The ICRC's mandate and mission

29-10-2010 Overview

The work of the ICRC is based on the Geneva Conventions of 1949, their Additional Protocols, its Statutes – and those of the International Red Cross and Red Crescent Movement – and the resolutions of the International Conferences of the Red Cross and Red Crescent. The ICRC is an independent, neutral organization ensuring humanitarian protection and assistance for victims of armed conflict and other situations of violence. It takes action in response to emergencies and at the same time promotes respect for international humanitarian law and its implementation in national law.

It was on the ICRC’s initiative that States adopted the original Geneva Convention of 1864. Since then, the ICRC, with the support of the entire Red Cross and Red Crescent Movement, has constantly urged governments to adapt international humanitarian law to changing circumstances,

in particular to modern developments in the means and methods of warfare, so as to provide more effective protection and assistance for conflict victims.

Today, all States are bound by the four Geneva Conventions of 1949 which, in times of armed conflict, protect wounded, sick and shipwrecked members of the armed forces, prisoners of war and civilians.

Over three-quarters of all States are currently party to the two 1977 Protocols additional to the Conventions. Protocol I protects the victims of international armed conflicts, Protocol II the victims of non-international armed conflicts. In particular, these treaties have codified the rules protecting the civilian population against the effects of hostilities. Additional Protocol III of 2005 allows for the use of an additional emblem – the Red Crystal – by national societies in the Movement.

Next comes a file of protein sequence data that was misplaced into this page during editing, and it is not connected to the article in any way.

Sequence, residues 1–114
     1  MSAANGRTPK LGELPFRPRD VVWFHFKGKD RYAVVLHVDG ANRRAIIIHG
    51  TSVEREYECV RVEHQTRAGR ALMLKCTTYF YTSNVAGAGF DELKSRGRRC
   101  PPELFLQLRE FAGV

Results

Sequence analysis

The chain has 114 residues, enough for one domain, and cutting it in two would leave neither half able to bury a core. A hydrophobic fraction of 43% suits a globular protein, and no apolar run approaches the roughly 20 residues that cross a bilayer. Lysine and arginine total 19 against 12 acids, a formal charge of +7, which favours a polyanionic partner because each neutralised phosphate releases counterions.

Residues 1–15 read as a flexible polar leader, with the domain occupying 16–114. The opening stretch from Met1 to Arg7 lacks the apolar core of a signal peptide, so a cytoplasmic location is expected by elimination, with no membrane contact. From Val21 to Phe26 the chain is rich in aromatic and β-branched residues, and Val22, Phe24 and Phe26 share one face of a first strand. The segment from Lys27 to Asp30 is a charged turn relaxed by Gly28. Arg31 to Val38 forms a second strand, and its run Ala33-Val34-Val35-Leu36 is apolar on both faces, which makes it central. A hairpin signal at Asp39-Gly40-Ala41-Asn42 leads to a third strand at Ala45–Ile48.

The legal bases of any action undertaken by the ICRC are as follows:

  • The four Geneva Conventions and Additional Protocol I confer on the ICRC a specific mandate to act in the event of international armed conflict. In particular, the ICRC has the right to visit prisoners of war and civilian internees. The Conventions also give the ICRC a broad right of initiative.
  • In non-international armed conflicts, the ICRC enjoys a right of humanitarian initiative recognized by the international community and enshrined in Article 3 common to the four Geneva Conventions.
  • In the event of internal disturbances and tensions, and in any other situation that warrants humanitarian action, the ICRC also enjoys a right of initiative, which is recognized in the Statutes of the International Red Cross and Red Crescent Movement. Thus, wherever international humanitarian law does not apply, the ICRC may offer its services to governments without that offer constituting interference in the internal affairs of the State concerned.



© ICRC / T. Gassmann / iq-e-00323